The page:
Significantly, under the Tort Immunity Act, willful and wanton conduct requires a "course of action", indicating more than mere inaction. (See Benhart v. Rockford Park District (1991), 218 Ill. App. 3d 554, 578 N.E.2d 600, 161 Ill. Dec. 242 for a discussion of the statutory definition of willful and wanton). A public entity may be found to have engaged in willful and wanton conduct if it has been informed of a dangerous condition, or knew others had been injured because of the condition, or if it intentionally removed a safety device or feature from property used for recreational purposes. (See Dunbar, 250 Ill. App. 3d at 792, 621 N.E.2d at 237.) In the present case, plaintiff was required to allege adequately that defendant had a duty, which it breached by engaging in willful and wanton conduct, and that such conduct proximately caused his injury. (See Dunbar, 250 Ill. App. 3d at 790-92, 621 N.E.2d at 235; Newby, 136 Ill. App. 3d at 97, 482 N.E.2d at 1065.) A determination in this regard requires a close examination of the facts alleged, because there is no "hard and thin line definition" of willful and wanton. O'Brien v. Township High School District (1980), 83 Ill. 2d 462, 469, 415 N.E.2d 1015, 1018, 47 Ill. Dec. 702.

Plaintiff's second amended complaint alleged that defendant was willful and wanton in leaving the hole in the fence despite the danger it posed to invitees, failing to repair the hole even though plaintiff and other invitees would be exposed to a substantial drop-off, and/or in allowing a section of the east wall to remain unfenced, despite its knowledge that this condition exposed plaintiffs and other invitees to the drop-off. We agree with the trial court that these allegations are insufficient to support a claim of willful and wanton conduct. Despite the fluidity of the concept, plaintiff remains obligated to plead sufficient facts to support his claim of willful and wanton misconduct. Yet, he did not allege that defendant acted intentionally nor did he set forth facts to support his allegation that defendant knew that the fence had a hole in it. Compare Benhart, 218 Ill. App. 3d at 559-60, 578 N.E.2d at 603-04 (holding that the allegation that the defendant removed non-slip strips on the bottom of its wave pool when the strips aided swimmers in maintaining their balance sufficiently alleged willful and wanton conduct) with Brown v. Chicago Park District (1991), 220 Ill. App. 3d 940, 944-45, 581 N.E.2d 355, 358-59, 163 Ill. Dec. 404 (holding that the allegation that defendantknew that mirrors in public shower were not firmly affixed to the wall did not sufficiently allege utter indifference or reckless disregard for the safety of others, despite the plaintiff's allegation that he was injured when a mirror fell from the wall) and Skinner v. Mahomet Seymour School District (1980), 90 Ill. App. 3d 655, 656-57, 413 N.E.2d 507, 508-09, 46 Ill. Dec. 67 (holding that plaintiff's allegations that the defendant "knew or should have known" that playground equipment was unsafe and dangerous and that nails were protruding from the equipment were insufficient to state a cause of action for willful and wanton misconduct).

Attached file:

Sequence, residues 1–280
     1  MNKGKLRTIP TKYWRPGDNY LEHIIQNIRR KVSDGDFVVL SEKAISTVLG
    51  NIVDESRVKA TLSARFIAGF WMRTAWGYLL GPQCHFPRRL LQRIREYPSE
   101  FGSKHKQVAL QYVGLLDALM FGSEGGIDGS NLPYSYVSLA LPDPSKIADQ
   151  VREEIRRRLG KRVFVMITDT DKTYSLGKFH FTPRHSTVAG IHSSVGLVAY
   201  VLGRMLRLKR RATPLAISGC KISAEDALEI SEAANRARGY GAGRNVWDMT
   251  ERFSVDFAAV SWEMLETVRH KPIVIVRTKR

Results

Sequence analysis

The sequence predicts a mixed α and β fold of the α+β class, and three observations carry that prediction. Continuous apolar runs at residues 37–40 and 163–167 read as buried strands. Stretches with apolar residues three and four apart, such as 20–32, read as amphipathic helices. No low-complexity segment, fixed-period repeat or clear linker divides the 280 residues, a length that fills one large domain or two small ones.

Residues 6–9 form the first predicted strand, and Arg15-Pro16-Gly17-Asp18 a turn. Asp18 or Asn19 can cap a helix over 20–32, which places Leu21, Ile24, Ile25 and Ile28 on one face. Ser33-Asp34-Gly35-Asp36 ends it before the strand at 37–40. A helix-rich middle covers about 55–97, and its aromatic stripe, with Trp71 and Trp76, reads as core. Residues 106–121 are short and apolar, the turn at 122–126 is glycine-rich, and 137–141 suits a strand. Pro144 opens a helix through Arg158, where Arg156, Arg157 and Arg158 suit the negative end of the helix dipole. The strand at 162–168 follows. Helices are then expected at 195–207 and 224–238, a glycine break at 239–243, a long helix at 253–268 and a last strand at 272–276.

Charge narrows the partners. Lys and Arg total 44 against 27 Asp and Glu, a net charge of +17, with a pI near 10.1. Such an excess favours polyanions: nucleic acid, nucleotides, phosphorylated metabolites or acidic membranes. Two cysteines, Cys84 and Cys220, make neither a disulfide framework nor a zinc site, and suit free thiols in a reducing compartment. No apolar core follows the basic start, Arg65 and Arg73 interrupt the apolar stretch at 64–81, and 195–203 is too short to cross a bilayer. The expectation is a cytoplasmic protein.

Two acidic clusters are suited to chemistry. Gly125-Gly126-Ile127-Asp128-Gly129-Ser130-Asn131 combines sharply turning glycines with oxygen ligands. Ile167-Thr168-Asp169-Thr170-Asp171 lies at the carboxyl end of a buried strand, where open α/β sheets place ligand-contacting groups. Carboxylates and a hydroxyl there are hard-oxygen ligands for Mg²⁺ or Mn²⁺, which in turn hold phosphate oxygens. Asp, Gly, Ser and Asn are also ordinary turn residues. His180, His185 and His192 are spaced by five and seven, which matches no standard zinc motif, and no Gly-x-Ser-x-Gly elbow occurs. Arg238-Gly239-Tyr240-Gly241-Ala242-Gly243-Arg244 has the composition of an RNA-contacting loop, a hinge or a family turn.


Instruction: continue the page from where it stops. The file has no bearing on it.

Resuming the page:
Plaintiff in the case at bar does not allege, for example, that defendant had received complaints about the condition of the fence or that defendant ignored the problem after inspecting the fence. Such facts would serve to indicate that defendant showed an utter indifference or a conscious disregard for plaintiff's safety. See Majewski, 177 Ill. App. 3d at 341, 532 N.E.2d at 411 (plaintiff's allegation that the defendant park district knew or should have known that broken glass was present on its football field was insufficient to state a cause of action for willful and wanton conduct); see also Washington v. Chicago Board of Education (1990), 204 Ill. App. 3d 1091, 1095, 562 N.E.2d 541, 543, 150 Ill. Dec. 11 (disregarding conclusions of law, complaint alleged merely that the plaintiff was injured on icy steps after the defendant directed her to exit school for recess without inspecting the stairway and thus was insufficient to state a cause of action for willful and wanton conduct).

In the instant case, plaintiff's complaint is remarkably devoid of factual allegations. Although at oral argument plaintiff's counsel explained that plaintiff tripped and fell from 10 feet away from the retaining wall, no detailed explanation of the accident appears in his complaint. Counsel suggested that he was alleging that defendant exhibited a conscious disregard for plaintiff's safety, but the facts plaintiff set forth in his second amended complaint alleged, at best, ordinary negligence which, even if proven, would not vitiate defendant's immunity under the Tort Immunity Act. Inadvertence does not rise to the level of willful and wanton conduct. See Majewski, 177 Ill.App. 3d at 341, 532 N.E.2d at 411.

Plaintiff also contends that defendant had a duty to maintain its propertyin a reasonably safe condition. (See 745 ILCS 10/3-102(a) (West 1993); see also Martin v. Chicago Housing Authority (1994), 264 Ill. App. 3d 1063, 1076-77, 637 N.E.2d 506, 515, 201 Ill. Dec. 917.) However, the provision of the Tort Immunity Act imposing this duty states

"except as otherwise provided in this Article, a local public entity has the duty to exercise ordinary care to maintain its property in a reasonably safe condition ***." 745 ILCS l0/3-l02(a) (West 1993).) (Emphasis added.)

Section 3-106, which governs property used for recreational purposes, provides otherwise by limiting the liability of park districts for injuries resulting from the condition of the public property to cases where they engage in willful and wanton conduct. 745 ILCS 10/3-106 (West 1993); Dunbar, 250 Ill. App. 3d at 791, 621 N.E.2d at 236-37.

Accordingly, the trial court did not err in dismissing plaintiff's second amended complaint for failure to state a cause of action for willful and wanton conduct.